No adequate policy protecting rural lanes from motor intrusion.
We simply have no policy in the UK to realise the inestimable value of the country lane, nor its intrinsic place in the rural landscape. All our thinking goes into facilitating human access on an ever-increasing scale to a rural landscape which just cannot cope. Frankly, the prospect of harmony as far as the natural landscape in concerned is pretty bleak.
It is a fact of life that most access to the countryside involves a motor vehicle. Ramblers are invariably motorists at play. And even though cycling clubs are still to be seen heading out from our towns and cities, they are nothing like the numbers to be seen before the rapid growth of motor use over the past half century and more, and for whom motor assisted cycling has become almost the norm.
In those post WW2 years, it was then still possible to penetrate deep into secret places without the feeling that our presence was a violation of nature itself. My own memories include such places as the Nant Rhydwilym in the Berwyns between Glyn Ceiriog and Llandrillo, where, with light hearted companions we paid homage to ‘Wayfarer’, the nationally famous bicycle borne lecturer, whose memorial stone now rests at the highest point of the pass. Little did the members of that esoteric cycling group, The Rough Stuff Fellowship, who laid their stone so many years ago, anticipate that their pastime of seeking wild and lonely places would become so popular, that together with the trampling of countless boots it would contribute to unacceptable levels of intrusion of natural habitats and ground erosion in so many precious places.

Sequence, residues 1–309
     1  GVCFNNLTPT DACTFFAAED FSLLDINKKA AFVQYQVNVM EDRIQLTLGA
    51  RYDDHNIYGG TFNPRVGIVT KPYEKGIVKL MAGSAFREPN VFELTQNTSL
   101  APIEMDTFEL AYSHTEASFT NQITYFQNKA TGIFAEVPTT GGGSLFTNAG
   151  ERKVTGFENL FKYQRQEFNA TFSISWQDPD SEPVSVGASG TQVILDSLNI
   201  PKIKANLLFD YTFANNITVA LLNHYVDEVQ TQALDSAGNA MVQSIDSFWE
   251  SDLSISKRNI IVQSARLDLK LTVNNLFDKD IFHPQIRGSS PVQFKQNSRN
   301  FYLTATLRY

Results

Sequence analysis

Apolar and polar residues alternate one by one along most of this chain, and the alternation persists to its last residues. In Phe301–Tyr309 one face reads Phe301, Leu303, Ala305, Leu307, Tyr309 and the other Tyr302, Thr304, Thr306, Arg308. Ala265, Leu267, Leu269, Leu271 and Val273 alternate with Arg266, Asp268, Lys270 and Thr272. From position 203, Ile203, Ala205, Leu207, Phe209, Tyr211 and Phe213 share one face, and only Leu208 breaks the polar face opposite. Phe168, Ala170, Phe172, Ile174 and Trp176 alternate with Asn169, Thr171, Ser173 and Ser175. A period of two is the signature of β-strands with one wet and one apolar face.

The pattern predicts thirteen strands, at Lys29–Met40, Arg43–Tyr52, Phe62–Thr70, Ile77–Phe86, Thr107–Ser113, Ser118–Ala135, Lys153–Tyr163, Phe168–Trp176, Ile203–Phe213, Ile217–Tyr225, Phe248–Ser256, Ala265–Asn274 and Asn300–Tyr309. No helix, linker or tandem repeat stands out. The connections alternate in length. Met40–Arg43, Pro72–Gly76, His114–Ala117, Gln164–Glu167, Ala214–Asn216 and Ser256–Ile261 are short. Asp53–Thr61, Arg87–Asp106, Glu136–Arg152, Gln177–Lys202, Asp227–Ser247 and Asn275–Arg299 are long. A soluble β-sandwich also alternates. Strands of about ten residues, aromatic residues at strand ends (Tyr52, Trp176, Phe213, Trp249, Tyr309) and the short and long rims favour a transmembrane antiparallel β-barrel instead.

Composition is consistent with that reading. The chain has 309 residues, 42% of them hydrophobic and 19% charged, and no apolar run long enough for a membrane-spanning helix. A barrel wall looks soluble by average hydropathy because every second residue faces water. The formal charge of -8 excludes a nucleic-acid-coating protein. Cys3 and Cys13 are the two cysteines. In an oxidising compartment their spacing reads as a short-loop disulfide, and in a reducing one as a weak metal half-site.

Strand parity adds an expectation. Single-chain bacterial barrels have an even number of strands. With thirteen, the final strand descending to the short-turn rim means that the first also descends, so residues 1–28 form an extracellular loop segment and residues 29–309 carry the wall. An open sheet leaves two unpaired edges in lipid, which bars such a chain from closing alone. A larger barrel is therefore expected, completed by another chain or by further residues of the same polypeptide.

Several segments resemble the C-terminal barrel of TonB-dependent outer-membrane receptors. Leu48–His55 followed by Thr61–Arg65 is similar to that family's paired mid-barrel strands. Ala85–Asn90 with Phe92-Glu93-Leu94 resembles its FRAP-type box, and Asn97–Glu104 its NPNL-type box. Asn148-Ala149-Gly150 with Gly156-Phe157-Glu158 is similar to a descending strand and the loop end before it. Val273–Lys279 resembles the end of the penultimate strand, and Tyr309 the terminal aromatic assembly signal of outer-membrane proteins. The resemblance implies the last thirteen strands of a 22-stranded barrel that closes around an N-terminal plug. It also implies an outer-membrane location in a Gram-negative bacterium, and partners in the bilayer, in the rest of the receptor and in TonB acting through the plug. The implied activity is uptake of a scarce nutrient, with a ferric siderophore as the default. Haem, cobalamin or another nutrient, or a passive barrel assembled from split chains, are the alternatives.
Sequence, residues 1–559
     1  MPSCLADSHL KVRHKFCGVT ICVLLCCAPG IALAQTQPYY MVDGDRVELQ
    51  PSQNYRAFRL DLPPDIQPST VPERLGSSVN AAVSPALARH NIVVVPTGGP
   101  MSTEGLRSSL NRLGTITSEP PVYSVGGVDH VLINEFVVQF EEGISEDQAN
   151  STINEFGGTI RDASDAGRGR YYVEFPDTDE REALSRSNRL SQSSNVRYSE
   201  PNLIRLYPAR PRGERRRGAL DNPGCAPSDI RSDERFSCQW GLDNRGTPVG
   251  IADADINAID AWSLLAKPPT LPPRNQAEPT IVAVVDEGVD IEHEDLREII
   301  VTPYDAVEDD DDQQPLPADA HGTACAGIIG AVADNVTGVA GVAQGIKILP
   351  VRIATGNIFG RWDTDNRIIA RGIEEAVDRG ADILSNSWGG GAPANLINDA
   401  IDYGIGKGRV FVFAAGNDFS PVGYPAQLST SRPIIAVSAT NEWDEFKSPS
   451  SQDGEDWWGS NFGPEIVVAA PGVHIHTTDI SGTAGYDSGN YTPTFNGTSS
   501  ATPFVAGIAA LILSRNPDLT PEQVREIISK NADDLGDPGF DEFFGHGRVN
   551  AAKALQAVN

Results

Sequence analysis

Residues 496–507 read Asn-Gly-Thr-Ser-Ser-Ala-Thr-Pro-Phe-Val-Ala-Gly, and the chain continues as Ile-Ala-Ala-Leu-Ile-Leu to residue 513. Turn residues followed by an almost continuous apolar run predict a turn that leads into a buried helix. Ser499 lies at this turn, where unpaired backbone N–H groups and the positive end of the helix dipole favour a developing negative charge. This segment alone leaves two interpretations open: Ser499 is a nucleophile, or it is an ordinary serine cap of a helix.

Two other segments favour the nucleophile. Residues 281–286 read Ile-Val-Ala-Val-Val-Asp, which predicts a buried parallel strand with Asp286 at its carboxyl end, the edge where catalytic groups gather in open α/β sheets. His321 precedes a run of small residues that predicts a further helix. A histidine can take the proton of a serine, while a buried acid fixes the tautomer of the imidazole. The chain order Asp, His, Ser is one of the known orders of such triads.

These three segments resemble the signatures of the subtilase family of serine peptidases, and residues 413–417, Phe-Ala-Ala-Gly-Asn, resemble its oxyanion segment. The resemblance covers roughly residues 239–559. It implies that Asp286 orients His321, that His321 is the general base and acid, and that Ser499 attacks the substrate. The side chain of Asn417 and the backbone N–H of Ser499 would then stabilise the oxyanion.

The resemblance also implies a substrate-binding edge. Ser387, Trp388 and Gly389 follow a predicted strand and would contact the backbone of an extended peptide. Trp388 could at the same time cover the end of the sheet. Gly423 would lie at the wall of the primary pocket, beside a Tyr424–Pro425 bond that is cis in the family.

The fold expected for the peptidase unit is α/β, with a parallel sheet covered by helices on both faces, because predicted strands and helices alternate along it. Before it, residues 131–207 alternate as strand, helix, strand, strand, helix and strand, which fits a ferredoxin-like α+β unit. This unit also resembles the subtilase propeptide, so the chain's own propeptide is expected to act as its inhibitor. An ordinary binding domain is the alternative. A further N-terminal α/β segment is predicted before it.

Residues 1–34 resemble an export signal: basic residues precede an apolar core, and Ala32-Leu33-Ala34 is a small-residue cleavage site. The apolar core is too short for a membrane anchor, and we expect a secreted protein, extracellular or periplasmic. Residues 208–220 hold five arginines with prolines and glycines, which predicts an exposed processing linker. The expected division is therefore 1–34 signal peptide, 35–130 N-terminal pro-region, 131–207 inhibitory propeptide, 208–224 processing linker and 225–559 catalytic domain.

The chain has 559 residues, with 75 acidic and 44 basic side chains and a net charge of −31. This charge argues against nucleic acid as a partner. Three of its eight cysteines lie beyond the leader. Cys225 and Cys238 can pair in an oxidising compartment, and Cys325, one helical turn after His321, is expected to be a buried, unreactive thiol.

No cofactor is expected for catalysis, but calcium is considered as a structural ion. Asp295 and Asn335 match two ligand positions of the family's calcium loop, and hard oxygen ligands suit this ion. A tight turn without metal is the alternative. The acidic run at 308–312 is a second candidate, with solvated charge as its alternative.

Traffic is forecast to grow even higher, and fewer lanes and byways will retain motor vehicle levels enabling relaxed physically propelled enjoyment. Rarely do we see young parents pushing prams in country lanes, or children freely roaming and exploring the hedgerows. It’s perceived as just too hazardous. And what sort of relaxed pastime is it to travel in single file. Imagine the uproar if it was proposed that cars should be designed with their occupants stacked one behind the other!
I see a connection between the degree to which we are creating a road environment, urban and rural, which is largely unfit for human scale occupation, and the extent to which we clamour for the land which lies behind the wayside hedge. We demand ever greater mobility and access. But in the process blind ourselves to the consequences for the towns, villages and country lanes in our path. It follows that that as we strive for the footpaths, bridleways and open countryside, we make our communities, small and large, noisy, polluted, and at times downright dangerous.